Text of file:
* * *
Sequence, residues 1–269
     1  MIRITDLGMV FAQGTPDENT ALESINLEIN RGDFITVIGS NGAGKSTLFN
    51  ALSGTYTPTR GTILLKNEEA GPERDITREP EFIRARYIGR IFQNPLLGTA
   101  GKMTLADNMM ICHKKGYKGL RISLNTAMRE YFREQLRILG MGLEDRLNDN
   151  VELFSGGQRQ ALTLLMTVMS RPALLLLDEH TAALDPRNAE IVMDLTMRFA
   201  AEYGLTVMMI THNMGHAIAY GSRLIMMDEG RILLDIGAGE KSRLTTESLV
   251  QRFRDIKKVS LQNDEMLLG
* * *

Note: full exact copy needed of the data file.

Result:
Sequence, residues 1–269
     1  MIRITDLGMV FAQGTPDENT ALESINLEIN RGDFITVIGS NGAGKSTLFN
    51  ALSGTYTPTR GTILLKNEEA GPERDITREP EFIRARYIGR IFQNPLLGTA
   101  GKMTLADNMM ICHKKGYKGL RISLNTAMRE YFREQLRILG MGLEDRLNDN
   151  VELFSGGQRQ ALTLLMTVMS RPALLLLDEH TAALDPRNAE IVMDLTMRFA
   201  AEYGLTVMMI THNMGHAIAY GSRLIMMDEG RILLDIGAGE KSRLTTESLV
   251  QRFRDIKKVS LQNDEMLLG